Castration of a dog
Image Credit: MAOIKO, Shutterstock

A Dog’s Physical Condition

If your dog is young, in good health, and at a healthy weight, you can expect to pay less for the surgery than if your dog is older, overweight, or has a health condition. All of these factors can make the surgery more complicated and will use more resources and take more time.

Spaying and neutering can be less expensive if you go through a low-cost clinic, and sometimes, rescue groups and humane societies have subsidized services. How much you pay will also depend on where you’re located, as shown through the price chart below.

US Regional Price Chart

Procedure West Coast Midwest East Coast
Neuter package (6+ months) $453.95 $406.95 $448.95
Neuter package (less than 6 months) $389.95 $348.95 $384.95
Spay package (6+ months/50+ pounds) $548.95 $491.95 $541.95
Spay package (6+ months/less than 50 pounds) $478.95 $428.95 $472.95
Spay package (less than 6 months) $415.95 $372.95 $410.95

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Is Spaying or Neutering Painful for Dogs?

It is a surgery, but the anesthesia prevents the dogs from feeling any pain during the procedure. After surgery, however, there will be some pain, but you will probably be given pain medication to help ease any discomfort your dog might be experiencing.

Recovery for your dog will include:
  • Wearing one of those Elizabethan collars, also known as the cone of shame, to prevent your pup from licking the incision.
  • Checking the incision every day to ensure it’s healing properly.
  • No bath for your dog for a minimum of 10 days after the surgery.
  • Find a quiet place inside and away from other pets to help with recovery.
  • Try to stop your dog from jumping and running for up to 2 weeks (or however long your vet recommends).

If you see any discharge, swelling, or redness at the incision site or if it pulls open, contact your vet as soon as possible. Any other signs of illness or lethargy are also not normal reactions, so speak to your vet about any concerns.

Arguments Against Spaying and Neutering

When shouldn’t you spay or neuter your dog? There are debates around this subject, with the majority of society siding with the benefits of spaying and neutering dogs. However, studies have shown that not every dog will medically benefit from the surgery.

While it’s thought that spaying and neutering help prevent certain cancers, research has shown that it can be connected to other cancers and joint disorders.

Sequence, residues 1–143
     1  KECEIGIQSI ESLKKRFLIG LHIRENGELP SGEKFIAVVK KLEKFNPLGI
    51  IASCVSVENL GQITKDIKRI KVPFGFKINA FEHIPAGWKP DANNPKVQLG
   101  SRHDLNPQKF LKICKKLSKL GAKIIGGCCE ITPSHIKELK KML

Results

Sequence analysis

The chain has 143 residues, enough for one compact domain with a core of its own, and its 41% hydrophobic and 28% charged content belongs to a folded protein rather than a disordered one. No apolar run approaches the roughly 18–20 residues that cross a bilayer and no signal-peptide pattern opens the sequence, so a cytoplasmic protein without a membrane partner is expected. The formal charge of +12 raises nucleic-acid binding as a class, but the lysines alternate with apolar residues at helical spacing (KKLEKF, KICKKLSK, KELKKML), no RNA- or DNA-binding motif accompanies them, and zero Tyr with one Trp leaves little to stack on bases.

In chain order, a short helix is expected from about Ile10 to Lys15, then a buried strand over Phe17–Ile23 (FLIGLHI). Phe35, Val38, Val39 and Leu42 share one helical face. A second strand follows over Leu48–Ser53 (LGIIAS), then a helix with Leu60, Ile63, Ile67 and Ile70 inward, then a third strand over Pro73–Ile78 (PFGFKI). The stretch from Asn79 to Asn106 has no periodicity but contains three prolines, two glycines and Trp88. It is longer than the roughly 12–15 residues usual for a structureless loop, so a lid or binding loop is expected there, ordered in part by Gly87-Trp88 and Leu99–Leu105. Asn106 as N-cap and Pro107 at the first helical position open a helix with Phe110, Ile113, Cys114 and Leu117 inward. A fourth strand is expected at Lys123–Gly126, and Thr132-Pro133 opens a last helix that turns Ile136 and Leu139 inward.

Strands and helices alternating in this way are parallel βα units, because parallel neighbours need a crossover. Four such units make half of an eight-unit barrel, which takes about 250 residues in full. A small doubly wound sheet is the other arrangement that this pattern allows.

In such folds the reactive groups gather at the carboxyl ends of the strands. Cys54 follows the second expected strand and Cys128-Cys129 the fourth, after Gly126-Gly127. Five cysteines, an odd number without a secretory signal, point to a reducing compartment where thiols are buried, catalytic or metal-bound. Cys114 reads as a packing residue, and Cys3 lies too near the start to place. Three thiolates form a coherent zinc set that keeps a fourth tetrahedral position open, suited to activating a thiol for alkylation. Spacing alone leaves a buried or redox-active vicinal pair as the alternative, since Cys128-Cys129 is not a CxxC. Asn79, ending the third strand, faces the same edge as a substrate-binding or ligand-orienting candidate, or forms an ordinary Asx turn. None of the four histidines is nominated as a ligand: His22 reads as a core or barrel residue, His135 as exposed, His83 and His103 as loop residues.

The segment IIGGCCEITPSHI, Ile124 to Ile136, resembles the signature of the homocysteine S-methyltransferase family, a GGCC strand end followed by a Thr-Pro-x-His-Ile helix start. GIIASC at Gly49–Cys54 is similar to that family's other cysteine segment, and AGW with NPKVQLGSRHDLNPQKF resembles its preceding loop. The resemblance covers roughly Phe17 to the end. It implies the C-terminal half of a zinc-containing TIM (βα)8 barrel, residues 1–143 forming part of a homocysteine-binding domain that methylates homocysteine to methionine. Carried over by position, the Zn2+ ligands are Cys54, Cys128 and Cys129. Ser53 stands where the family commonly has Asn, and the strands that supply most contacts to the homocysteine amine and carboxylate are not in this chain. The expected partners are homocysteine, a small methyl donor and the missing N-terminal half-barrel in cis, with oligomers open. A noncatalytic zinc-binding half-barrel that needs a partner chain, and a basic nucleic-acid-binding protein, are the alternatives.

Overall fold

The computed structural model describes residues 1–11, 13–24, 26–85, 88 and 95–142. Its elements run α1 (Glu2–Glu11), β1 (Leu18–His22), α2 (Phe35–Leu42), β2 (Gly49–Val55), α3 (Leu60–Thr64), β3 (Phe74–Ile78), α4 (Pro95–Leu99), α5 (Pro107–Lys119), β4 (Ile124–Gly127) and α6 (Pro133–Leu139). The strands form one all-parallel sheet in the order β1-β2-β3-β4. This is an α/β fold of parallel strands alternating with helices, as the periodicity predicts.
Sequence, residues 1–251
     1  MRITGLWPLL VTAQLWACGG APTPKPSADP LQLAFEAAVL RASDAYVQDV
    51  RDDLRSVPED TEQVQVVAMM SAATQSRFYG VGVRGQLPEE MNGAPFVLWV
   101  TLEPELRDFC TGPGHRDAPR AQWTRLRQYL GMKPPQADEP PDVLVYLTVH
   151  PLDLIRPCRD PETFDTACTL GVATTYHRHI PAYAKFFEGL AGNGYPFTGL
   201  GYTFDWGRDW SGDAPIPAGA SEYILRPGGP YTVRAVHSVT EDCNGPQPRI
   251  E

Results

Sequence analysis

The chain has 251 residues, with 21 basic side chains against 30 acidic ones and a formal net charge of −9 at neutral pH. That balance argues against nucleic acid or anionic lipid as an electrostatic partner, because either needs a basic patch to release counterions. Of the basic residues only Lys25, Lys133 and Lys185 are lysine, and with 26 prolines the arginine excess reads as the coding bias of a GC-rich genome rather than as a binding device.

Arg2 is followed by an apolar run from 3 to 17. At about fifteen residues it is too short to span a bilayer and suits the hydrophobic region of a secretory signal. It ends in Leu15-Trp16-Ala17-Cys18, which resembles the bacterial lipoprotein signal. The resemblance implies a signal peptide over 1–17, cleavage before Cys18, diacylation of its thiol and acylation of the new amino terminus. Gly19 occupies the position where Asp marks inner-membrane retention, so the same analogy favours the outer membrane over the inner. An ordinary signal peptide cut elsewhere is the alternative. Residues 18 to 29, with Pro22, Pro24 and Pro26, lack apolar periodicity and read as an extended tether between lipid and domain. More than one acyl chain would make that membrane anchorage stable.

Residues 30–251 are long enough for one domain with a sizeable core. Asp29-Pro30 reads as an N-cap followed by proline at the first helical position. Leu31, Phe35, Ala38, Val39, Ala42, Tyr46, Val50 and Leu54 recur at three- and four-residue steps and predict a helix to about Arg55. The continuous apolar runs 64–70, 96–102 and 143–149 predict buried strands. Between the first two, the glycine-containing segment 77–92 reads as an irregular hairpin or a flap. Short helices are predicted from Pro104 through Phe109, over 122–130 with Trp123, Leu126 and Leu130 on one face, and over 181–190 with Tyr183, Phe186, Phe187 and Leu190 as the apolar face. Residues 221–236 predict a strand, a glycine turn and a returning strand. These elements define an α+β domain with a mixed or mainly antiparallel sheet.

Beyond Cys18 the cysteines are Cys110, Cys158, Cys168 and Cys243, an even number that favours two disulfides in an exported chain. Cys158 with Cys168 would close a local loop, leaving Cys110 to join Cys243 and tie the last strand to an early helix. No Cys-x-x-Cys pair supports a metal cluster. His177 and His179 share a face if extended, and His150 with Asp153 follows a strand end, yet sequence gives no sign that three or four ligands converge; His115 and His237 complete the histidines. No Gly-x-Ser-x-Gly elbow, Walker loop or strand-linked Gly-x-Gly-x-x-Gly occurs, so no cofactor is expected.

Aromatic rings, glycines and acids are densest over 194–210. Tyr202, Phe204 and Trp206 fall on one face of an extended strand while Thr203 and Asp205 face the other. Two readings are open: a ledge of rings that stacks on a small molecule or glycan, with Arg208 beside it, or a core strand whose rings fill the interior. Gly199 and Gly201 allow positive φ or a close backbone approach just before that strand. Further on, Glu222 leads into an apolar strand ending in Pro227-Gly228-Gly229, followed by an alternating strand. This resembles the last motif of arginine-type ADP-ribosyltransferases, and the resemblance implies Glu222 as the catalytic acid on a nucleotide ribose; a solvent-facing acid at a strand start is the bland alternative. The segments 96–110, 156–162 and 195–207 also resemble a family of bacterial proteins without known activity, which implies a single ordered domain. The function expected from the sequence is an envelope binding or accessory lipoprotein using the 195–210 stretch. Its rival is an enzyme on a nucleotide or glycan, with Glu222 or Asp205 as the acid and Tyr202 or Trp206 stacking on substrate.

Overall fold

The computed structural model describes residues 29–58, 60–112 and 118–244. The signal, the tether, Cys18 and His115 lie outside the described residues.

It has also been said that removing the sexual reproduction organs means also removing the hormones that support strength in the muscles, tendons, and ligaments and sends signals that tell the bones to stop growing. Therefore, the adult dog’s body might not be as strong or robust without those essential hormones.

Overall, it has been proven that dogs live longer lives after being spayed or neutered, so the choice is yours. However, if you opt to forgo this surgery for your dog, you need to be prepared to have your dog shunned, particularly at dog parks, boarding kennels, and doggy daycares.

a black dog wearing a cone of shame
Image Credit: Allison Peterson, Pixabay

When Should I Have My Dog Spayed or Neutered?

Most dogs get neutered or spayed when they are between 6 and 9 months of age, depending on the breed and size. The surgery can also be done on older dogs, but the younger they are, the easier and quicker they will recover. Even puppies 8 weeks old can be fixed, but this is a more typical practice in shelters and rescues.

With small breeds that are expected to be under 50 pounds when mature, the females should be spayed before their first heat, which is usually about 5 to 6 months of age, and males by about 6 months old.

With larger breeds that are expected to weigh over 50 pounds when adults, it’s recommended to wait until they have reached full physical maturity, which might be about 12 to 15 months of age.

Large dogs take longer to physically mature than small dogs, which explains the difference in timing. Speak to your vet about what your best options are for you and your pup.

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Now that you have the information, hopefully, you can make the best decision about spaying or neutering your dog. Speaking to your vet is always the most important thing you can do while weighing your options. And of course, any concerns or questions you may have will be addressed so that you can make the best and most informed choice for you and your dog.

Featured Image Credit: Pixel-Shot, Shutterstock